It’s beginning to look a lot like Christmas. The season Advent, however, seems to throw a wet blanket on all the jingling bells and decked halls. Scripture readings (Luke 21) turn to images of the end of the world and collapse of heaven and earth. Not very festive, it seems. That makes the preacher a bit of a buzz kill until we see that Jesus proclaimed a word of great hope in the midst of the destruction and death of this world. The fig tree puts forth leaves declaring summer is at hand and a harvest is on the way. Jesus is that fig tree, and our salvation is at hand.

Advent 1 – Holy Trinity Lutheran Church – December 2, 2018

Don’t Worry. Be Grateful.

Jesus says, “Don’t worry.” That is harder than it sounds. We worry about food, clothing, housing and a host of other things that seem to matter more than anything else. Thanksgiving seems to provide a one-day break to give thanks for what has gone right in life and suspend worrying about what could happen for at least an afternoon. What if gratitude is more than that? What if gratitude is a means of worry-free living?  Listen to the sermon here!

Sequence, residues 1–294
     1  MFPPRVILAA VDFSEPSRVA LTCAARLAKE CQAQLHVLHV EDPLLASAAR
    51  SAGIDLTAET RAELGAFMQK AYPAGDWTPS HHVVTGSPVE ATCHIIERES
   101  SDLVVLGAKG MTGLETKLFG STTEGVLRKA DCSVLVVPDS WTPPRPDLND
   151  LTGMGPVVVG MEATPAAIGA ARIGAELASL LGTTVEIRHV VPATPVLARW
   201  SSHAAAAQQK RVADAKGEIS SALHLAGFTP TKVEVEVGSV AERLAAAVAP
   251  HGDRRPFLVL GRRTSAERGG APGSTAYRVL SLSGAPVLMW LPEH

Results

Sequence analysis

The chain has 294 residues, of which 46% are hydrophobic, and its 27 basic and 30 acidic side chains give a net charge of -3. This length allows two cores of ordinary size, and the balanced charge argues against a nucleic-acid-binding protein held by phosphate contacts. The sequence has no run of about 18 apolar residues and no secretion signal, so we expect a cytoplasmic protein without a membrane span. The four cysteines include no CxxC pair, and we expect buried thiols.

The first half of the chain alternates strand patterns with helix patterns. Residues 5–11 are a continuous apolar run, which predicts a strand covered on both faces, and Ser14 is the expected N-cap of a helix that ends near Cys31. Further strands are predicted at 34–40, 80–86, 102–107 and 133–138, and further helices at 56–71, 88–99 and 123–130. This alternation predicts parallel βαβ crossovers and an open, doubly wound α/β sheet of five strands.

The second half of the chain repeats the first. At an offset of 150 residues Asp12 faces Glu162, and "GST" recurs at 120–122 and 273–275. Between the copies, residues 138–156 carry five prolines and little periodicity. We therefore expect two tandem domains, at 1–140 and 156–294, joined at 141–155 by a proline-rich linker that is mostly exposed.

Me? A Saint?

Paul and Timothy, servants of Christ Jesus, To all the saints in Christ Jesus at Philippi, together with the overseers and deacons… (Philippians 1:1 NRSV)

Paul addresses his letter to the “all the saints” in Philippi. As the letter unfolds, it is clear that not everyone is well-behaved or “saintly” in this congregation. In fact, he seems to suggest some people should know their place and be humble when he mentions the “bishops and deacons” after everyone else. It also becomes clear that he is not speaking just to some of the “good folks” at Philippi and ignoring the bad ones. Paul’s address is for everyone, equally.